In the entrance hall we are struck at once by a statue of Mary Queen of Scots, at the upper end of the apartment; it bears the following inscription:-
Tradition says that Mary visited Hardwick, and it is quite possible, as it belonged to the Earl of Shrewsbury, or, rather, to his wife, the celebrated Bess of Hardwick and the Queen of Scots was a prisoner in his charge.
There is in the house a bedroom and bed shown as hers, with her arms as Queen of Scotland and Dowager of France over the door, and her initials worked into the tapestry.
The finest room in the hall is a picture gallery that runs the whole length of the house, and has a number of interesting portraits in it. There are likenesses of the kings and queens of England, from Henry IV. downwards; the Court of Charles II. and the Beauties, painted by Sir Peter Lely; Queen Elizabeth; a good equestrian portrait of the first Duke of Devonshire; and portraits of the Cavendishes.
The Presence Chamber is hung with tapestry, and the upper part has figures in relief on plaster, coloured. At the upper end of the room is the Canopy of State and some beautifully worked velvet chairs.
In this apartment there is one of those music-tables found in most houses when England was a musical nation, and the guests used to sing glees and madrigals for their amusement; everybody nearly at that period being able to sing part-music at sight. This table has representations on it, in mosaic work, of music books and musical instruments, and on the open leaves of the books the notes are inscribed. The tapestry in all the rooms is admirable.
Hardwick is very picturesque. The avenue of trees to the house is beautiful, and so is the park, with its greensward, its grand old oaks, the murmuring stream that runs through it, its wooded margin, its forget-me-nots and water-flowers, and the red deer that wander or gather in groups in the shade. All is the perfection of sylvan loveliness; and the old and new halls crown the scene. They are seen in contrast on the "crest of one of the highest and boldest ridges of the new red sandstone, looking over a beautiful valley and commanding an extent of country rarely equalled."
From the state room of the new hall and of the old there is a magnificent view, comprising some of the loftiest heights of the High and Low Peak, Barrel Edge, and the Black Rocks, near Matlock, Middleton and Tansley Moors, Stubbing Edge, and in the foreground a rich and fertile stretch of country.
The hall is a high. oblong building of stone, with a tall square tower at each of its corners it was built by the famous Bess of Hardwick, Countess of Shrewsbury, in 1590, and is consequently Elizabethan.
Old Hardwick Hall, or Mr. Hardwick's house, as it is called, almost touches the structure raised by his daughter.
This lady built also Chatsworth, and another house in Derbyshire.
The legend is that it had been foretold to her, that as long as she was building she would live; but that when she ceased to build she would die. So she built continually, and at last died when her building was stopped by a hard frost and the masons could not work.
But she was, in reality, a very remarkable woman, and her story is worth telling - for she had a master-mind, united, undoubtedly, to great personal attractions.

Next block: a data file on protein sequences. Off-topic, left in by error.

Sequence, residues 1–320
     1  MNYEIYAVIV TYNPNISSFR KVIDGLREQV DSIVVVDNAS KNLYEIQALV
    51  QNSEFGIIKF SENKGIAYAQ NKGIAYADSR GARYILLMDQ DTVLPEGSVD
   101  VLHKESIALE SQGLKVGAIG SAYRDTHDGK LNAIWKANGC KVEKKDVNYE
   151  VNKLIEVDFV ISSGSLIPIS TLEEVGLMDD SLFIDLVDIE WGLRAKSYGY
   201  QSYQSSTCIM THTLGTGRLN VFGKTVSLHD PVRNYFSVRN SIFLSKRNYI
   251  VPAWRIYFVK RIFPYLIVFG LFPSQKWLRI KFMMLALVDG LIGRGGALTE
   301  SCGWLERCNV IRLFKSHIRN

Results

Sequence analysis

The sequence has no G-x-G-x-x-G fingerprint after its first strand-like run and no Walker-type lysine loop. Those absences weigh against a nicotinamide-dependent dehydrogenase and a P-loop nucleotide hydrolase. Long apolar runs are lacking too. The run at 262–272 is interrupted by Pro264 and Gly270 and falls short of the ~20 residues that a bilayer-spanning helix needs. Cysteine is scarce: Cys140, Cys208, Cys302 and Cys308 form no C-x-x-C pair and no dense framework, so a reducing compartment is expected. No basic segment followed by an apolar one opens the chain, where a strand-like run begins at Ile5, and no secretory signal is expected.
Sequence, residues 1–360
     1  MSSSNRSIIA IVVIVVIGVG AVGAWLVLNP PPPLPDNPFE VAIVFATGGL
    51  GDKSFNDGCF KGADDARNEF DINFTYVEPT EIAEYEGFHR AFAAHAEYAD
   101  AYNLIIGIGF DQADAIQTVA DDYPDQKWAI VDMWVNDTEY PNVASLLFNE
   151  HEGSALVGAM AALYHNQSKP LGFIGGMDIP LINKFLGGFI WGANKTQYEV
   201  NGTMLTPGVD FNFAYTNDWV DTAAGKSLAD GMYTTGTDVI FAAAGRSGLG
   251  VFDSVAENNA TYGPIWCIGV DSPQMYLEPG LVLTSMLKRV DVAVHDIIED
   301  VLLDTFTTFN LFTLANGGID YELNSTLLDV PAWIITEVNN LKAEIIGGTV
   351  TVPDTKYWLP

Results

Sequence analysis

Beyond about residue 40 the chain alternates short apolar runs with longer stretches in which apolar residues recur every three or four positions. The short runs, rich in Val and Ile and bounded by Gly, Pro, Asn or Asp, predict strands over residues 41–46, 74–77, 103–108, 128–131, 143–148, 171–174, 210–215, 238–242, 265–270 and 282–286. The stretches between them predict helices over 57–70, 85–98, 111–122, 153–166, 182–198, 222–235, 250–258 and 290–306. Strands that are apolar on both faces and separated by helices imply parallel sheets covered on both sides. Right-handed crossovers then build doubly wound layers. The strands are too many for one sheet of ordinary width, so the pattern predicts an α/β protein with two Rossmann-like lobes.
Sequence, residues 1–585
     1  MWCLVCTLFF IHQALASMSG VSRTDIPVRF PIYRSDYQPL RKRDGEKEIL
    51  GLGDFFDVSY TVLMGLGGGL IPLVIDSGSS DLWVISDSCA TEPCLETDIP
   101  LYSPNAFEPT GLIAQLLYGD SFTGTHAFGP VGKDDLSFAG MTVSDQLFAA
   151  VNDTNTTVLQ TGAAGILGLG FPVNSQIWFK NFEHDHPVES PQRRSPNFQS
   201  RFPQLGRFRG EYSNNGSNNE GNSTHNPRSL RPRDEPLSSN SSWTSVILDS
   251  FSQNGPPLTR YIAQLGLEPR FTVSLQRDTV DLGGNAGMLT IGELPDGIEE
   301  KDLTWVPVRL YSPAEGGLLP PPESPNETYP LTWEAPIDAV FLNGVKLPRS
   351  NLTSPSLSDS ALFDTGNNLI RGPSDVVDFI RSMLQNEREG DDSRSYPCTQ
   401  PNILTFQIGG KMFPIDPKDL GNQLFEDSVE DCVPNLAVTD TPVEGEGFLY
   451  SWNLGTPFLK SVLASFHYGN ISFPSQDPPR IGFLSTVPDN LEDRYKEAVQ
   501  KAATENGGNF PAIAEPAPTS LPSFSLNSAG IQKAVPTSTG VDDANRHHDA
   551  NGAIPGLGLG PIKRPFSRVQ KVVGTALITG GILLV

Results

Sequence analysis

She was married at fourteen to a Mr. Bailey, a very rich young man, who died a year afterwards, leaving her a widow at fifteen, in possession of nearly all his estates.
At the age of thirty she married her second husband, Sir William Cavendish, who died in 1557, leaving her with eight children; but all fairly provided for. Her third husband, Sir William Saint Loe, had great estates, and before she would marry him she insisted on his settling them all on her and her heirs - a hard condition, as he was a widower with children of his own; however, rather than lose the lady, he consented to do as she wished. He died shortly after their marriage; and his widow was soon wooed again by the Earl of Shrewsbury. She could not ask him to settle the Talbot property on her as she had made Captain Saint Loe settle his, but before she consented to wed him, she insisted that he should give two of his children in marriage to two of hers.
His eldest son was already married; but he gave his second son, Gilbert, to her daughter Mary, and his eldest unmarried daughter, the Lady Grace Talbot, to her eldest son, Henry Cavendish. The marriages were solemnized at Sheffield; Mary Cavendish, one of the brides, was not yet twelve years old.
The wedding of the parents followed shortly afterwards; they were both about fifty years old.
Bess of Hardwick's fourth marriage was not as happy as her previous unions. She lavished her money on building, in which taste her husband did not sympathise with her; and when the custody of Mary Queen of Scots was vested in the earl, their dissensions became serious. Bess of Hardwick was absurdly jealous of the beautiful captive, resenting even the ordinary courtesy the earl showed her; and they separated. Lord Shrewsbury had been rendered so unhappy and anxious by her temper, - and by that of the queen, - and the care of his dangerous prisoner, that his health failed under his troubles, and he died in 1590, when she built Hardwick.
He was succeeded by his second son Gilbert (Lord Talbot, the eldest son, had died), and Bess of Hardwick's daughter became Countess of Shrewsbury. In character she seems to have greatly resembled her mother.
Lady Shrewsbury (Bess of Hardwick) had under her care, for some time, the Lady Arabella Stuart, whose future fate was to be so romantic and so miserable. She can scarcely have had a happy girlhood under the rule of this domineering woman - who has, however, left some beautiful buildings to England, and amongst them is Hardwick Hall.